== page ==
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Upskilling Tips: What Is The Best Way To Upskill?

Updated: Aug 28, 2022

One of the biggest things that employers are seeking today is a demonstration of a potential employee’s willingness to learn. The workplace nowadays is a fluid entity, technology is continuously updating and people’s roles and skill sets must change with it.

Is upskilling for me?

Yes, upskilling is for everyone. For people who want to get ahead, upskilling is a no brainer, but for everyone else, coasting no longer cuts it. Standing still in your career simply doesn’t work and certainly doesn't offer you any security in your job. Take charge of your career development and stay employable.

How should I approach my employer about doing a course?

If you approach your employer about going back to education, you need to think not only about what the added qualification will do for you, but also what it will do for your company. If an employer sees that your effort to upskill will benefit them, they are more likely to be supportive either financially or in terms of flexibility or time off for exams.

Although going back to education involves sacrifice of holiday time, family time, financial and added pressure of exams and assignments, certainly courses are becoming much more accessible online and with more flexible learning options.

Here are 5 ways to upskill and get to where you want to go in your career:

  1. Create a Career Plan. Career planning or mapping can help you develop a strategy for your career and focus your upskilling time, finances and effort. Prepare to allocate time to create your career plan. You need time to research, network and simply to think about what you want.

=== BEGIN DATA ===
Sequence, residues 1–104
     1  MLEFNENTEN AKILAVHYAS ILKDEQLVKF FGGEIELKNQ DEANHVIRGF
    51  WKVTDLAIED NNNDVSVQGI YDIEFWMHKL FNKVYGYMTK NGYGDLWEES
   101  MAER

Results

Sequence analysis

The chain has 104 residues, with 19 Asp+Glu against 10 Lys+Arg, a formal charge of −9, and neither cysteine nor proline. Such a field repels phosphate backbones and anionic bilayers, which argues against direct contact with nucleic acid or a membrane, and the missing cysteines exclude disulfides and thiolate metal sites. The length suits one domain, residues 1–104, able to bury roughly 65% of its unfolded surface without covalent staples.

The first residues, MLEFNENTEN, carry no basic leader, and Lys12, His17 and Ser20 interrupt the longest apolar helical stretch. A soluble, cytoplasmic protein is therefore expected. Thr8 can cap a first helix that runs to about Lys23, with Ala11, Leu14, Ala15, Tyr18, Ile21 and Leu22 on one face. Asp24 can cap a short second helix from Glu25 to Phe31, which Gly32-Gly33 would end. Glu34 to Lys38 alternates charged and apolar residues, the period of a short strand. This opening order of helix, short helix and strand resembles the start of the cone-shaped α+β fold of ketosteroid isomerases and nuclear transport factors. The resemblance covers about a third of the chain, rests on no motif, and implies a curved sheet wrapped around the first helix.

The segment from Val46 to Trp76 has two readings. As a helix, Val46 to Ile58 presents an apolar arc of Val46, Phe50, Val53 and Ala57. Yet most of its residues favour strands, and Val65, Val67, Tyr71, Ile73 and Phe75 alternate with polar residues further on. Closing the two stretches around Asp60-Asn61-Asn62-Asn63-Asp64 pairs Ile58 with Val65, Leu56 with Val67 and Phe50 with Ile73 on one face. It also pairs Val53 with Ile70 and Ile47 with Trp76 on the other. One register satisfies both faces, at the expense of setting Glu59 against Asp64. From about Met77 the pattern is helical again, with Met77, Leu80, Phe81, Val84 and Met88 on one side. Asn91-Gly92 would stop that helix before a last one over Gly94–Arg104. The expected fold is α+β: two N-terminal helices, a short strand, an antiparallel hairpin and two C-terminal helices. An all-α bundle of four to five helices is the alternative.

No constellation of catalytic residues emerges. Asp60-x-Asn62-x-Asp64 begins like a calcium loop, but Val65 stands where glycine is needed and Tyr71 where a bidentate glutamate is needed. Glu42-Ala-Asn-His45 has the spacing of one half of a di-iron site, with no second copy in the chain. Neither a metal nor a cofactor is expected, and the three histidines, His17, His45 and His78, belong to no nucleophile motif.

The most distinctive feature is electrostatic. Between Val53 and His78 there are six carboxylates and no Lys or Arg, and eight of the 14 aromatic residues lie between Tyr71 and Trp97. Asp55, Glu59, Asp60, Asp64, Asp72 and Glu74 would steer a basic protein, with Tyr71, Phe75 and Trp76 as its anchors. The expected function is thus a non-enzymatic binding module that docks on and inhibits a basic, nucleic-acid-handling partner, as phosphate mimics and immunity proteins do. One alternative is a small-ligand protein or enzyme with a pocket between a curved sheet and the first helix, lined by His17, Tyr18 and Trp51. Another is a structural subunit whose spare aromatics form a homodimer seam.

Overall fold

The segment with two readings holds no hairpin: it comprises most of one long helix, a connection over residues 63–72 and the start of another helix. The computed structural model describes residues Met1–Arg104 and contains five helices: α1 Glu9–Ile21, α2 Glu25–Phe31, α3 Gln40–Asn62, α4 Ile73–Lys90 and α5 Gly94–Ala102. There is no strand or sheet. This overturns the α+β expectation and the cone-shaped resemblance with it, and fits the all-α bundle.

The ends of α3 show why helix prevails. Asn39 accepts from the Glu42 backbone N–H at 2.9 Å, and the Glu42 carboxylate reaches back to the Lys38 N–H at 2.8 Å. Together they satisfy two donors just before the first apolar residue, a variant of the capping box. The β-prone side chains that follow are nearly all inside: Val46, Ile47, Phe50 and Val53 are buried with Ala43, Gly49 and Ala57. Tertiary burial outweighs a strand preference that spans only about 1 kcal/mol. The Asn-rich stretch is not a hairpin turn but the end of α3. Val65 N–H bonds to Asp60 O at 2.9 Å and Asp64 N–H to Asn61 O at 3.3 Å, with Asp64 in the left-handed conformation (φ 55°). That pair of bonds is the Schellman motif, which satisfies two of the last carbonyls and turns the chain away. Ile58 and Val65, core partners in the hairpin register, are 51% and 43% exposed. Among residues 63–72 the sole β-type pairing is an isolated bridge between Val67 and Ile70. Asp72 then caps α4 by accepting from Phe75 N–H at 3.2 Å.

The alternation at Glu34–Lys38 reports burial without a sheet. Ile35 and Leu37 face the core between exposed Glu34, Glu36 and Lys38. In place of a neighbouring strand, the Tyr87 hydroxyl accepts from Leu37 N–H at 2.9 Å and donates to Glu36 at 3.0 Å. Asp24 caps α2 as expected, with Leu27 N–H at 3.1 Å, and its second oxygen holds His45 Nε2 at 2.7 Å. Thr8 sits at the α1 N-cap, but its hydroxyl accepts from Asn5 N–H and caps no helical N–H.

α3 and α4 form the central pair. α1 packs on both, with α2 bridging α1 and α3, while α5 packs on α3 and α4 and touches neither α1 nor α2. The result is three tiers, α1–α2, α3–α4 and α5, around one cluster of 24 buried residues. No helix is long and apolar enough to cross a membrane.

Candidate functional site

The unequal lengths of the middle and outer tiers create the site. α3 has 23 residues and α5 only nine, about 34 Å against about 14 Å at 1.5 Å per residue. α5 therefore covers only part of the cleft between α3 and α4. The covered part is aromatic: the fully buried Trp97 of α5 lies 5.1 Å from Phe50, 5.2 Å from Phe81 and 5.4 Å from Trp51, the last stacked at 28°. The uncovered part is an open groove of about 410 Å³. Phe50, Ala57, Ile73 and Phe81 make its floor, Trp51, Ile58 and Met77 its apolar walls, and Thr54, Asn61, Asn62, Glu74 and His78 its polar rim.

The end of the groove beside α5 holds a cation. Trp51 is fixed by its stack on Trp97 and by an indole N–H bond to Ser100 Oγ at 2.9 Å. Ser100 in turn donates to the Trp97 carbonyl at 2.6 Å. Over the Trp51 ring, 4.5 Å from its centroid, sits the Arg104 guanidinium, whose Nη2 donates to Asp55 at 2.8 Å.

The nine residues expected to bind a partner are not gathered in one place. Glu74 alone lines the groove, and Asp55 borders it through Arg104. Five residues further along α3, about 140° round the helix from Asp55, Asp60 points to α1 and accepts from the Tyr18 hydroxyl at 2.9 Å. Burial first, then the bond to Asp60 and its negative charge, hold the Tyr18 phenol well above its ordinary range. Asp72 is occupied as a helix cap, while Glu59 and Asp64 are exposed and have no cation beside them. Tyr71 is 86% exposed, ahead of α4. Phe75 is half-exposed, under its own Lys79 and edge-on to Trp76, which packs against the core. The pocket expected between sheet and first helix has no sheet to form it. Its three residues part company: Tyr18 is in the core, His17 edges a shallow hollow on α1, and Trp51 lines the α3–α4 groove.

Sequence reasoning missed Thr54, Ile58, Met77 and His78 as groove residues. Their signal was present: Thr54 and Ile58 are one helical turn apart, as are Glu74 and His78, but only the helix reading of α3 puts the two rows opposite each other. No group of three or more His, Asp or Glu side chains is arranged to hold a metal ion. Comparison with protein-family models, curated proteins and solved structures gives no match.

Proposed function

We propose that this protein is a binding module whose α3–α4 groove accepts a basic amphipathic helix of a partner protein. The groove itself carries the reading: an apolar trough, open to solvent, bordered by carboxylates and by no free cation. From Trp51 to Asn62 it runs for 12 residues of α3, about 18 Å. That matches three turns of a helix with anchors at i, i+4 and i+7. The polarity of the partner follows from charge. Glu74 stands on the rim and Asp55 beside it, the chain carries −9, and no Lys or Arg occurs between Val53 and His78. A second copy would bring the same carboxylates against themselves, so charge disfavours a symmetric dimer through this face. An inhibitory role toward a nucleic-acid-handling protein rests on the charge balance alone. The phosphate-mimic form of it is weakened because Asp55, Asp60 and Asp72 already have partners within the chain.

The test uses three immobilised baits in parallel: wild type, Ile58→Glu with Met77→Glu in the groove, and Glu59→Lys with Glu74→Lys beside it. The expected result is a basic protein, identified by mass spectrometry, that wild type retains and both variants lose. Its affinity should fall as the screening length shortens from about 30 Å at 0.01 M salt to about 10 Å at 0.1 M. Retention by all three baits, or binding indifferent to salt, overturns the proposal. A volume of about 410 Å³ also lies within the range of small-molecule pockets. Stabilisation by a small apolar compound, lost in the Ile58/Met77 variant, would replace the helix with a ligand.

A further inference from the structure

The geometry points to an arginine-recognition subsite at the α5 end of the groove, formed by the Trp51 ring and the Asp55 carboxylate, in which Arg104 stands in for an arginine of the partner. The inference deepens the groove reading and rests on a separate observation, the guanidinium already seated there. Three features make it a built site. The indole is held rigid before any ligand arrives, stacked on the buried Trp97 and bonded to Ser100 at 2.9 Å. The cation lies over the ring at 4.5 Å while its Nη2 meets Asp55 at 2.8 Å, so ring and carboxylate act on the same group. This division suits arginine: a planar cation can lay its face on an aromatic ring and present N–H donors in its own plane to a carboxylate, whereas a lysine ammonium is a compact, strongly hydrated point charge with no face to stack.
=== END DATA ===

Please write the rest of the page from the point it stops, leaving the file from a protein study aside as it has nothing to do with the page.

2. Network. Talk to people both in career areas that interest you and also people who have done courses that might suit you. Attend relevant networking events and speak up about where it is in your career you want to go. You'll be surprised what you can learn from others and what opportunities might come your way.

  3. Join an industry or professional association. Many associations offer learning programs and mentorship.

  4. Do your research. Know what opportunities are out there. With everything online, there is no excuse. Research profiles of positions you want on Linkedin to see what career journeys others have taken. If you are looking to do a course, decide what level of course you are willing to do. Much of this will come down to your confidence and the time you’re prepared to commit.

  5. Financial options available to you. If your are looking to upskill yourself, you will in turn upskill the company you work for. If educational packages are not available to you at your work, don't be afraid to ask your employer - remember, your course will benefit the company. If you are paying for a course yourself and you can’t afford a full course, there could be an option to do a module instead? Or is there a short course that you can build on later?

If you are unemployed and seeking employment, there are plenty of free options to upskill available to you. Read our founder's top upskilling tips for jobseekers.


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